February 9, 2011 Volume 4 Issue 2
. . . an e-conversation with the Faculty of Gordon College . . .
By Brian Glenney
At a young age many of us inherited the idea that love is a commitment, not a feeling. The idea may have been beneficial in our youth, sobering our vigor and shaping our sense of character. But when I hear all this talk about the negative prospects of marriage and consider my own, I find the idea to be at best a noble lie. I’m now inclined to think that love has little to do with commitment or choice or anything that requires a dutiful decision on our part and more to do with a feeling that sweeps us up with little warning or guidance.
A moment’s reflection will find this feeling in attendance when any object of love is nearby, another person, a physical object, a job, an idea. It’s a peculiar kind of feeling too. The writer-philosopher David Foster Wallace had it right, I think, to describe love as akin to the click of a well-made box. For it invokes a sense of a ‘fit’, a ‘completion’, a ‘settling in:’ a feeling similar to the calibration of a moving piece with already moving parts. When each piece comes together—or when, to use other ‘fitting’ analogies, the paradox is resolved, the equation is demonstrated, the chord is struck—we find ourselves in love.
Is this mere Epicurean rubbish, a doctrine of swine? Perhaps. (Why can’t pigs love?) But as I described above, love is not the same as scratching an itch. And it’s not as if by defining it as a feeling I mean to neglect all the distinctive courses of action love promotes.
For instance, I agree with St. Paul when he connected love to an increase in kindness and patience, to a hope and endurance in all things. Our annual celebration of the love of St. Valentine that led to his martyrdom is a nod to love’s loyalty, showing that when love lasts—when that moving piece still fits after all the other moving pieces have been changed or replaced—love takes on an e pluribus unum character that, given certain unique circumstances, has been described as a condition of “two bodies becoming one.”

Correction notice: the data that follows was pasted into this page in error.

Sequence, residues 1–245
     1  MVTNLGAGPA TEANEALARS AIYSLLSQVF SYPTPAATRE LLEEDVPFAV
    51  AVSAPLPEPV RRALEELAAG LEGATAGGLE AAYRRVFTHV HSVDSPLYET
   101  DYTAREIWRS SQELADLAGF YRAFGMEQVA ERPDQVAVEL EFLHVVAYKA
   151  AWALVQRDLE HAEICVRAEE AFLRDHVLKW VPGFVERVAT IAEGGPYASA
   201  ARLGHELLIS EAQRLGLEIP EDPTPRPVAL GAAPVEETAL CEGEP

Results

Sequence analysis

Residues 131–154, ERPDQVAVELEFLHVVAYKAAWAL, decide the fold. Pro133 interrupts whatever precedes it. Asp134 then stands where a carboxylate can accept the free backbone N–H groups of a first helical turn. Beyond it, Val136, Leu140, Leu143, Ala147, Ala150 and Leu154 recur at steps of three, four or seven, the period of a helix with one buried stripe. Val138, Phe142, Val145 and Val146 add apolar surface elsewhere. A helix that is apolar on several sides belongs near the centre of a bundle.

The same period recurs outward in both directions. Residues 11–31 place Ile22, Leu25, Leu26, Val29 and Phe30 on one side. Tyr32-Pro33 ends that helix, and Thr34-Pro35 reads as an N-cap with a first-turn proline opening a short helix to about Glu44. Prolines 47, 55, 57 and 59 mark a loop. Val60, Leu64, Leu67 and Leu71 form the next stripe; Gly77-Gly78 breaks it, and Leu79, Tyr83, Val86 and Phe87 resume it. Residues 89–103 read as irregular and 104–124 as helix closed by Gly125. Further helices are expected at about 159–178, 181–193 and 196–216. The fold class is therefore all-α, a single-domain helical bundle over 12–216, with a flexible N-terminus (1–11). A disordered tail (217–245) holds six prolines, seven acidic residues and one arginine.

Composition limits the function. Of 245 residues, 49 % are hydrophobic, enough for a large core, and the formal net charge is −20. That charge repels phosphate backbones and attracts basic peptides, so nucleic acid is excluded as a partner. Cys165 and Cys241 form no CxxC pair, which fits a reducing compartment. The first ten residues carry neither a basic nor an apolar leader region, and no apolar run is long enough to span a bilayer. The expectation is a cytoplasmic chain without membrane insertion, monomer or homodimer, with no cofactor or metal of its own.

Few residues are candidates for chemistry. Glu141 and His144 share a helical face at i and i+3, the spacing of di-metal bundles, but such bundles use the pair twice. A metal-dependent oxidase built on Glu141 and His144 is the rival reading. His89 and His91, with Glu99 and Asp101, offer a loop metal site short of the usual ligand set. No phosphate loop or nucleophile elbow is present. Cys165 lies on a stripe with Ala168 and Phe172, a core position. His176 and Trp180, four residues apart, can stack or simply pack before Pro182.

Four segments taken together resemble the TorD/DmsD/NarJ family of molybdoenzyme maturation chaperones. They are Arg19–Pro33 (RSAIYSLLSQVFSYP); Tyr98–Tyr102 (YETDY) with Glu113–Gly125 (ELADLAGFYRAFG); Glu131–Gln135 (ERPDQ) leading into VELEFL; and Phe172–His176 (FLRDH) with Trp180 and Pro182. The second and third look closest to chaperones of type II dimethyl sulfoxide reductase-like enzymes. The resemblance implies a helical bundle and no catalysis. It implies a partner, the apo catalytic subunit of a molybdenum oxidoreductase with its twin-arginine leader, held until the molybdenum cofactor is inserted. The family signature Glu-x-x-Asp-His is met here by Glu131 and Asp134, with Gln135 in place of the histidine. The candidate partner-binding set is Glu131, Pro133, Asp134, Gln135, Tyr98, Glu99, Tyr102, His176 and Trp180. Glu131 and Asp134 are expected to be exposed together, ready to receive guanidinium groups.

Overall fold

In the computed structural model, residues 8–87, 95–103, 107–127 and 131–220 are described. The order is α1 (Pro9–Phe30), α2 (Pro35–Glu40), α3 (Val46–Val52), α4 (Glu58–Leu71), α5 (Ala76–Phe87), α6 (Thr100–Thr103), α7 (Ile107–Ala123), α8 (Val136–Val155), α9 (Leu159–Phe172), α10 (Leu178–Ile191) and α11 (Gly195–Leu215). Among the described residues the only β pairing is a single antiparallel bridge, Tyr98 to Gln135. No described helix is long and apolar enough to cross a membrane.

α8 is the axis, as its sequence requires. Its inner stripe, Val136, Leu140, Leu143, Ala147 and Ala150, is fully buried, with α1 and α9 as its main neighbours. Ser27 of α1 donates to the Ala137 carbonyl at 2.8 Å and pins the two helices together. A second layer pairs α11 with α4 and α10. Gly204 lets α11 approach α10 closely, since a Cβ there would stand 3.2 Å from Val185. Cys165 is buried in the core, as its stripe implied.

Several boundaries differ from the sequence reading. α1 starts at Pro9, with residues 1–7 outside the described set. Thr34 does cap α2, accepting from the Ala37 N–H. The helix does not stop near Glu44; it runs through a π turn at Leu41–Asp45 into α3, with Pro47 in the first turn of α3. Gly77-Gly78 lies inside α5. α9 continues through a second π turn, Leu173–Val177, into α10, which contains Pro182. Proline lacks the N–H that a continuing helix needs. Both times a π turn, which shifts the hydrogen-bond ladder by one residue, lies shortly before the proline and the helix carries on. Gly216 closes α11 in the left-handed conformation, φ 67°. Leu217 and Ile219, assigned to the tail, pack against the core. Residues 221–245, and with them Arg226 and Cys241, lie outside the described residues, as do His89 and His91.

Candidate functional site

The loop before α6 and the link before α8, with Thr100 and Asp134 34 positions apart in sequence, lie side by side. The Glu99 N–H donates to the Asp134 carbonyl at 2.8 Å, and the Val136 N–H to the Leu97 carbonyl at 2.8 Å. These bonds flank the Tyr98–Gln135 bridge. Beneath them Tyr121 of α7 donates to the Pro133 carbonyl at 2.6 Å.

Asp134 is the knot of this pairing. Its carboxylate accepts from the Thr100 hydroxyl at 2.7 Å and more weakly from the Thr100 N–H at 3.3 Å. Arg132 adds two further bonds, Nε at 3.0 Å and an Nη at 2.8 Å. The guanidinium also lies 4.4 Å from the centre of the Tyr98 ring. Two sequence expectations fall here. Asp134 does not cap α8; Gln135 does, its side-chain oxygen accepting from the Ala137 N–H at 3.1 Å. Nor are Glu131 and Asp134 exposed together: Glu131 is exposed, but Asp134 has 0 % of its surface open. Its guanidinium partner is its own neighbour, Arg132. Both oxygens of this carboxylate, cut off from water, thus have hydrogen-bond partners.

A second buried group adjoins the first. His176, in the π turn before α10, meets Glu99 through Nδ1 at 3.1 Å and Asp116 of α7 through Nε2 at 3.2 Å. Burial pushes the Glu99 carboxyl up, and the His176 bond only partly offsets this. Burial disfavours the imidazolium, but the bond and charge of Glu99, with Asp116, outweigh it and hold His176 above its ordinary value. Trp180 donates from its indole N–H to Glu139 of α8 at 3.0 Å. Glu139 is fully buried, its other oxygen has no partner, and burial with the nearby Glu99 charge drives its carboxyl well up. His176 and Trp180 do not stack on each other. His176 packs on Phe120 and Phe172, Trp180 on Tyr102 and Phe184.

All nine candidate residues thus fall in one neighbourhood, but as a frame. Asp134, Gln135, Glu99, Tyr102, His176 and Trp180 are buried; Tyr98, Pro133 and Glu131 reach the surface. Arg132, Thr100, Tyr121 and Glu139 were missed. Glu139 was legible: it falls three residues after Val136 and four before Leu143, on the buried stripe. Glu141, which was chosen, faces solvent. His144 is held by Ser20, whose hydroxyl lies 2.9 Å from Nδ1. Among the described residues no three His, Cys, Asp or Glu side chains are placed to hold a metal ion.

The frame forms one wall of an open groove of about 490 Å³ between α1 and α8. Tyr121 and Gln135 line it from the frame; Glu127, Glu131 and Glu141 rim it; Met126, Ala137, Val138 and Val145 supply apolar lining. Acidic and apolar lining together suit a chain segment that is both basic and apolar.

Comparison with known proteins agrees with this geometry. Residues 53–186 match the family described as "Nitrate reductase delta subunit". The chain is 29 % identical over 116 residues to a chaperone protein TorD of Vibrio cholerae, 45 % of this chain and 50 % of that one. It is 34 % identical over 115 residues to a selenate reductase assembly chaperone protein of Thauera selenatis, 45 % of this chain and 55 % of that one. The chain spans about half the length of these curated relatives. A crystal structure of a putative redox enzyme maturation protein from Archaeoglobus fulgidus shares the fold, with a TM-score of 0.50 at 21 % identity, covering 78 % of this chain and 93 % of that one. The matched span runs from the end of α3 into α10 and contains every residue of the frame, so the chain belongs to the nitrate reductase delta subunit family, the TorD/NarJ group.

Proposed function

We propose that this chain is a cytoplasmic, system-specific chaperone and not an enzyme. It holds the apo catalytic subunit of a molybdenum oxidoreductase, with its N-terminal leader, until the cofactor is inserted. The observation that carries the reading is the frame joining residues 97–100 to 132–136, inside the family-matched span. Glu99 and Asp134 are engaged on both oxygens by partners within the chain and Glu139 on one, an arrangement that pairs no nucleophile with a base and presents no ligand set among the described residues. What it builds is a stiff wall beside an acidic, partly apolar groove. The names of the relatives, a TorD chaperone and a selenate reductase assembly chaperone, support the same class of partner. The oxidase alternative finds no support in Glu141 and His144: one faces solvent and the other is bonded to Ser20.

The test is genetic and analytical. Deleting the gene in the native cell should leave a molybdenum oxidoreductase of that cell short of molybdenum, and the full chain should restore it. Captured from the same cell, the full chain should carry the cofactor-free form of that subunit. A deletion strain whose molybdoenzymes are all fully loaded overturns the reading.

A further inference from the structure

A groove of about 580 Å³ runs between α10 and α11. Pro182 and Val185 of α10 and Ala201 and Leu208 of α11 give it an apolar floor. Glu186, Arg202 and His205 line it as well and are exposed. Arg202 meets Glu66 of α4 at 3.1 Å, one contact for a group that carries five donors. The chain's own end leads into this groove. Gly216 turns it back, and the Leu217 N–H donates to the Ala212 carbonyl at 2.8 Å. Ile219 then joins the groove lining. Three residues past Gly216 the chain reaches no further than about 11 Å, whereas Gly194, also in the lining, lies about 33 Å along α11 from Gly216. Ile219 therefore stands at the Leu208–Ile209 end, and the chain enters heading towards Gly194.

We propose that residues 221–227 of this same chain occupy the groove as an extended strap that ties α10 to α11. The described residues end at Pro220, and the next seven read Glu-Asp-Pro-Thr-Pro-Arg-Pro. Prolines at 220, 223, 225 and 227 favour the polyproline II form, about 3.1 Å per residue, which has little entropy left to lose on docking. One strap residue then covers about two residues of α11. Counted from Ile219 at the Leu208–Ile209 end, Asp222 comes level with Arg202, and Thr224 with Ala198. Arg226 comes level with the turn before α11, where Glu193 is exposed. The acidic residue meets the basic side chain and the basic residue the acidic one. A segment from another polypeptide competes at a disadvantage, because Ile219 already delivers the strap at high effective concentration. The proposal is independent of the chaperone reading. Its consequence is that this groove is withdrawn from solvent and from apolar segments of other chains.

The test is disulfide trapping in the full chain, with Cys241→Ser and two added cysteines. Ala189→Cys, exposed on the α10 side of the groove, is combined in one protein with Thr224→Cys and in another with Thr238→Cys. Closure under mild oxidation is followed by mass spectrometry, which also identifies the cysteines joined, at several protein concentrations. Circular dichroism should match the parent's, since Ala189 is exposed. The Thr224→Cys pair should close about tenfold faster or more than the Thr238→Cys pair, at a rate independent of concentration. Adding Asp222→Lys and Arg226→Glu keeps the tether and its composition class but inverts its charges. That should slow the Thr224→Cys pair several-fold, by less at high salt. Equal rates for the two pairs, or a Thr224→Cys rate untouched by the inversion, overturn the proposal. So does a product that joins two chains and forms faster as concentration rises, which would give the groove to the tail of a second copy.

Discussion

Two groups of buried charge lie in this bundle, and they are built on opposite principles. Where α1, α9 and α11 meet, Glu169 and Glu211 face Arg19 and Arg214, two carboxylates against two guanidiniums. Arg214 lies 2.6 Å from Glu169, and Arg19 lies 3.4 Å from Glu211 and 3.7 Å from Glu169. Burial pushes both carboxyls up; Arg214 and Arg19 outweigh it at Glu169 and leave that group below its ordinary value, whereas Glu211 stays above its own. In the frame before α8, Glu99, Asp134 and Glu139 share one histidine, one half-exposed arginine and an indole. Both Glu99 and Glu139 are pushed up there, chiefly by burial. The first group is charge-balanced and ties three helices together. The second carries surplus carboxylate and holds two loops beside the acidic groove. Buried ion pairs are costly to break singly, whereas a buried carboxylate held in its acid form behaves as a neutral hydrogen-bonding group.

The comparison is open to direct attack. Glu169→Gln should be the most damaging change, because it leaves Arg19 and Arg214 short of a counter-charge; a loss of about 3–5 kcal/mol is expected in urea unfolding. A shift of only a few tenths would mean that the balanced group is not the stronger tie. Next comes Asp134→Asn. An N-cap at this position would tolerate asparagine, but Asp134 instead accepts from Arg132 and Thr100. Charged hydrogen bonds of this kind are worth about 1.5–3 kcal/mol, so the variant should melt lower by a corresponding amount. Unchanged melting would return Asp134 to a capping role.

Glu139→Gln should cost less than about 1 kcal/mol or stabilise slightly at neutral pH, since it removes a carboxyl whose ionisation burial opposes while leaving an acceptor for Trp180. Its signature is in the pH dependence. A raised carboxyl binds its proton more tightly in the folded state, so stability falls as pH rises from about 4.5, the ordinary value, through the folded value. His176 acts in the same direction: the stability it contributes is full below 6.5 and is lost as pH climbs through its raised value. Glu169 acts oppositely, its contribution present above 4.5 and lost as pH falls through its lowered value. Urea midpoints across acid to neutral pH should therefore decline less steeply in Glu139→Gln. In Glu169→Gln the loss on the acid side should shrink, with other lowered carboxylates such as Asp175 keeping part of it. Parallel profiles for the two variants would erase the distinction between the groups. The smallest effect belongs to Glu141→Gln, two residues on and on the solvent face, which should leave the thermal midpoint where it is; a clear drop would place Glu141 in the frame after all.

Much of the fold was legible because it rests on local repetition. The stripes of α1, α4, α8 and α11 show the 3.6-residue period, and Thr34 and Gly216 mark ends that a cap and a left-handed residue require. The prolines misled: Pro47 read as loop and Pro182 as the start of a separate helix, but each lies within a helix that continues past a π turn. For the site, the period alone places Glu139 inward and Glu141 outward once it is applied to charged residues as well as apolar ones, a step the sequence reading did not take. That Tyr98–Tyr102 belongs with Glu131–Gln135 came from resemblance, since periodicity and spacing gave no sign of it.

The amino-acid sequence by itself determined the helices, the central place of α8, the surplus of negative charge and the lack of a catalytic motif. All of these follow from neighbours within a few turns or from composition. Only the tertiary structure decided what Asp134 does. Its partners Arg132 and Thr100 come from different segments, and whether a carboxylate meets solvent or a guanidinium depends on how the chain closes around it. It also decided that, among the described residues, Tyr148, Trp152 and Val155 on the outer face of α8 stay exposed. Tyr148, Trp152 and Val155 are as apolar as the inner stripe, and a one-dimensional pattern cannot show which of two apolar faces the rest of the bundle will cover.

My point is just that if this alone is what the feeling of love achieves then it is no more a commitment to staying together than my resolve to keeping my arm on my torso or my eyes in my head. I did have a friend who had problems keeping his glass eye in its socket, but no amount of commitment on his part fixed the problem. You get the idea.
You might say, however, that it does take a certain level of commitment to keep our ‘two in one’ bodies together—to stay in love. Feelings are fleeting: the box warps: its lid no longer clicks, other more stimulating paradoxes and equations intrigue, new chords resound and attract. So, the staying part of love can look as difficult and foreboding as a death march and the whole thing can sound fairly terrible.
Council can come from the philosopher Karl Popper, who advised philosophers (once known as ‘lovers of wisdom’), “to meet a problem, to see its beauty and fall in love with it; to get married to it, and to live with it happily, till death do ye part . . . unless,” he cautioned, “you should obtain a solution.” Popper’s point is that problems, like love, are the kind of thing one tackles with pleasure. The irony of Popper’s advice is that philosophical problems are unique in that they are never solved. If they could be, they would not be philosophical problems to begin with.
Love is similar to a philosophical problem. Real love (the kind we really want) can never be “solved.” It remains wild for all attempts to tame it. And while not a domesticated beast, it can be monitored and protected from poachers. It can be given its own game park to flourish and prosper. We call these reserves “marriage,” jungles where the wild things of love can play free.
So if love is a feeling, as I imagine it to be, the submissive bonds of vocation, marriage, and religion fall aside; the signed contracts, vows, and creeds become declarations of liberty and proclaim, “We do it because we love it!”
Brian Glenney is an assistant professor of philosophy at Gordon College in Wenham, MA. He and his wife and their four young children live in Beverly Farms, MA.